The first baby with DNA from three parents could be born in Britain next year as the procedure has been given approval.
Last week the Human Fertilisation and Embryology Authority (HFEA) decided it would allow fertility clinics in the UK to apply for permission to offer mitochondrial replacement therapy (MRT) – a treatment designed to help women who are carriers of serious hereditary diseases to have healthy children.
The Newcastle Fertility Centre now plans to apply for a licence to offer the procedure as soon as HFEA start accepting applications. This could mean the first patient could potentially start treatment as soon as spring next year.
Mary Herbert, Newcastle Fertility Centre’s professor of reproductive biology, told The Guardian: “This is a huge triumph for the research, for the regulatory process in the UK, and most importantly for all the families who are affected. We have everything ready to go.”
MRT will benefit women who have mutations in their mitochondrial DNA, which could lead to their children having severe health problems or disabilities. At the moment, mitochondrial disease affects around one in every 10,000 babies and many of these infants have a low life expectancy due to issues with their heart, brain and other organs and tissues.
Treatment will help parents with hereditary diseases
HFEA chair Sally Cheshire said: “(The HFEA’s) historic decision means that parents at very high risk of having a child with a life-threatening mitochondrial disease may soon have the chance of a healthy, genetically-related child. This is life-changing for those families.”
The procedure will involve removing the mutated mitochondria from the egg of the mother and replacing it with healthy material from a donor. The baby’s 46 chromosomes will still come from its mother and father as only the mitochondria will be affected.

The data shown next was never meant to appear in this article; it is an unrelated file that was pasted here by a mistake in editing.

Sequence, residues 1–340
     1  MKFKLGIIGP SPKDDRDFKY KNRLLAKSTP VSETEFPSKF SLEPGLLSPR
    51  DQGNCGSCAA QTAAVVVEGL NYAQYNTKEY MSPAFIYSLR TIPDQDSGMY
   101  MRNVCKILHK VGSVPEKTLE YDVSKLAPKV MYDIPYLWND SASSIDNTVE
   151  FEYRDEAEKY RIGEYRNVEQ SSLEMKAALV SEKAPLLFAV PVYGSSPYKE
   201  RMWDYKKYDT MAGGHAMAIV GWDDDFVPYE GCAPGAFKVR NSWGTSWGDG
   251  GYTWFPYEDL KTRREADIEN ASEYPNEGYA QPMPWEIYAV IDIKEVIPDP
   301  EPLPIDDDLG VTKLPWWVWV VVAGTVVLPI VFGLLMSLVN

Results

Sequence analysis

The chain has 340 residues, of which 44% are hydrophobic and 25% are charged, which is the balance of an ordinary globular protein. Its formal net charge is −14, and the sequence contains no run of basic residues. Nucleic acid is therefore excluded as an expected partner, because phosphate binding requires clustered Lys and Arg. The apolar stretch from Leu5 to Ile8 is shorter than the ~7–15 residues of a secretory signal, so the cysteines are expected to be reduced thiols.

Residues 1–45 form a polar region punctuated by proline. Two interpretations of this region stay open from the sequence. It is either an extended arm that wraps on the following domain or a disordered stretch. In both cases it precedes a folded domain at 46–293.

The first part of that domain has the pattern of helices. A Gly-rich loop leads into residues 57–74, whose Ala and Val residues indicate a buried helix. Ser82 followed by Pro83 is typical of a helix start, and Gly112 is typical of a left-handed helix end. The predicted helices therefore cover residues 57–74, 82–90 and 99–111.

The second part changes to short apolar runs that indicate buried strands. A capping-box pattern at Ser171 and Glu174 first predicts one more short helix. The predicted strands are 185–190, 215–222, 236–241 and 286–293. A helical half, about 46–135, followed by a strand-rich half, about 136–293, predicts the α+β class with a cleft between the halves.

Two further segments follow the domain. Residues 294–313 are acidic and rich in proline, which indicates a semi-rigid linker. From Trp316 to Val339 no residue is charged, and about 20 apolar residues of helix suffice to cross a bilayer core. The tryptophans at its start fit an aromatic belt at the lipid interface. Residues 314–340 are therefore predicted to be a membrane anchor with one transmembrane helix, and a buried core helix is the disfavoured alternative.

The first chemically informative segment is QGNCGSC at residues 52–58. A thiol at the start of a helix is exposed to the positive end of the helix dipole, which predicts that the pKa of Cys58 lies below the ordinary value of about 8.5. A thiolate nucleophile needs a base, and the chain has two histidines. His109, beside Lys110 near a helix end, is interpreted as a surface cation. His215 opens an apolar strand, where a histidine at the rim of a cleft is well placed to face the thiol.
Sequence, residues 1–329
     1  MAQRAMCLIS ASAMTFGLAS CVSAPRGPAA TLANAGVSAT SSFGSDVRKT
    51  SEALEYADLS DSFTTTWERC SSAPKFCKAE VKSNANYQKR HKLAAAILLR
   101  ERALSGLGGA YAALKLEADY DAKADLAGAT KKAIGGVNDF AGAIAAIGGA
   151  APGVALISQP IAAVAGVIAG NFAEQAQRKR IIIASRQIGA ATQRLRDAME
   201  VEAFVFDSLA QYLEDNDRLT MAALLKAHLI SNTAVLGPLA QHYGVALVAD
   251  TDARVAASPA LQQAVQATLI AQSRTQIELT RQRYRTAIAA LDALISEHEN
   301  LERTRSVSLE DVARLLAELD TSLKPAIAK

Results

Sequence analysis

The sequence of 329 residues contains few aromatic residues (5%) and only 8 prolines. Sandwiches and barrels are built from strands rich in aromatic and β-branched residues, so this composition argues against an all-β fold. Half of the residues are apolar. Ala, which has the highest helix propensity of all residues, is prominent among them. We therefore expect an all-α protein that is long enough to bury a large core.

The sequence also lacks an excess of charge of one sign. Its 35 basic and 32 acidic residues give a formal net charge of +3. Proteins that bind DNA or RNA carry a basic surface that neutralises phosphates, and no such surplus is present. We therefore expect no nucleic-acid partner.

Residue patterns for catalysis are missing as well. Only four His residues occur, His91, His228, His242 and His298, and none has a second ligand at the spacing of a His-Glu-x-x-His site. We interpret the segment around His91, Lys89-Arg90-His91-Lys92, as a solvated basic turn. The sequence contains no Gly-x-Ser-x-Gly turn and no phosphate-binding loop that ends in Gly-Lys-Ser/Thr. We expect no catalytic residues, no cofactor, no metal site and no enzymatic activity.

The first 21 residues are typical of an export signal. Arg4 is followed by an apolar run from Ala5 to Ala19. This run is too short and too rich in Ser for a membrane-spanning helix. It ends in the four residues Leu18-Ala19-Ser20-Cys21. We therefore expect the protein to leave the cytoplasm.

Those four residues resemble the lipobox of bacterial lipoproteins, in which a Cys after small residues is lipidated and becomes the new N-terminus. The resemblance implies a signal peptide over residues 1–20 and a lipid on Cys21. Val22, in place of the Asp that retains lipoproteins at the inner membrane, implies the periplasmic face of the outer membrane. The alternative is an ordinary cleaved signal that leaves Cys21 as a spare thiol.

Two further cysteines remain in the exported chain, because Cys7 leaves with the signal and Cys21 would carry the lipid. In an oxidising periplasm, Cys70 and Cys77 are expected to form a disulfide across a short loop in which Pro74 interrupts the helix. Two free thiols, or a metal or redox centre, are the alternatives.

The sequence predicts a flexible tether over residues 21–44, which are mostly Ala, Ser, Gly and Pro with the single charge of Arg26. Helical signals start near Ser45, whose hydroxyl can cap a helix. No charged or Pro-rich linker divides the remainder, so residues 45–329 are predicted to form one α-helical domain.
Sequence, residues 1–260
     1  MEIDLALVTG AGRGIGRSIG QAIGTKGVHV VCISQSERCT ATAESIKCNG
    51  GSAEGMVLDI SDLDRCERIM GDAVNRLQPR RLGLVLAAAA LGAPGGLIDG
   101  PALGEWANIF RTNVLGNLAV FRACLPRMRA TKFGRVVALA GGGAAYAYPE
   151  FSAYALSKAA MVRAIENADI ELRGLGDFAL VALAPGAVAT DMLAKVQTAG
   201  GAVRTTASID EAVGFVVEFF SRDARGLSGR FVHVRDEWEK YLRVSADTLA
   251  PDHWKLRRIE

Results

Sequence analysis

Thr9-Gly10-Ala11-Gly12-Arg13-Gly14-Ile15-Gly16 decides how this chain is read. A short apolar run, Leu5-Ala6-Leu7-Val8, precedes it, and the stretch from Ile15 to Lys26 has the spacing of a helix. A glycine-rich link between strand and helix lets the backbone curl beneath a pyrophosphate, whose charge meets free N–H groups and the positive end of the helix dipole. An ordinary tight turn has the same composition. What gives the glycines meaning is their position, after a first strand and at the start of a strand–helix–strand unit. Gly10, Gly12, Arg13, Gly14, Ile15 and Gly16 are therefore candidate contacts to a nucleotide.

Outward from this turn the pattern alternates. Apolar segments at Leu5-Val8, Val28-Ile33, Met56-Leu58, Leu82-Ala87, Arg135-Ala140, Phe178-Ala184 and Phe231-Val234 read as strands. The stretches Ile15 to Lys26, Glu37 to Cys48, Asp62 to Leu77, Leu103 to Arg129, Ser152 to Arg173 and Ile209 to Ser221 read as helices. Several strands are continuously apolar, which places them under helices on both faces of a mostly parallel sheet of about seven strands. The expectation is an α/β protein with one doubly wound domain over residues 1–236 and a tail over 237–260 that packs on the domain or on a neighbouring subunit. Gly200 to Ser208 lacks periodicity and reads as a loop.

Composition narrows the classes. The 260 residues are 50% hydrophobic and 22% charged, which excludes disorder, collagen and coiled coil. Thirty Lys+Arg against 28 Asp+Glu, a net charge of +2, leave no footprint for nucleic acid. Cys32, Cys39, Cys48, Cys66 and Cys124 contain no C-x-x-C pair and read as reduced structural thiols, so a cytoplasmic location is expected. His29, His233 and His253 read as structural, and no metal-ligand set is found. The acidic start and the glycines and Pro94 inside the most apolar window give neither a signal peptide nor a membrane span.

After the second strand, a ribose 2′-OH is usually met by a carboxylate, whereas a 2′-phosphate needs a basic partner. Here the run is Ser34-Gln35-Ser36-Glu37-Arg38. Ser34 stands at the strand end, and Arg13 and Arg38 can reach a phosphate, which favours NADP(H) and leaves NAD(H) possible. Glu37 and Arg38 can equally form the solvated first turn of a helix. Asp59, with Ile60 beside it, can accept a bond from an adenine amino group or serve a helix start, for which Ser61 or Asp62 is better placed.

The first baby in the world to be born with this technique was born in April this year after the treatment was carried out at a clinic in Mexico. The boy, who is now eight months, appears to be healthy and has no sign of the inherited disease carried by his mother.
The fertility clinic is now planning to carry out more treatments of this kind and hopes to create 20 three-parent babies in 2017.
Concerns have been raised about the treatment as it would result in a child having DNA from three people. However, most of the baby’s genetic material would come from its mother and father and the donor would have no claim on the child.
It could have implications for the reliability of DNA testing for people who are conceived in this way. Maternity testing looks at mitochondrial DNA to determine the identity of someone’s biological mother but these tests tend to only be used in situations where someone has been adopted or separated from their mother and there are some doubts over the relationship.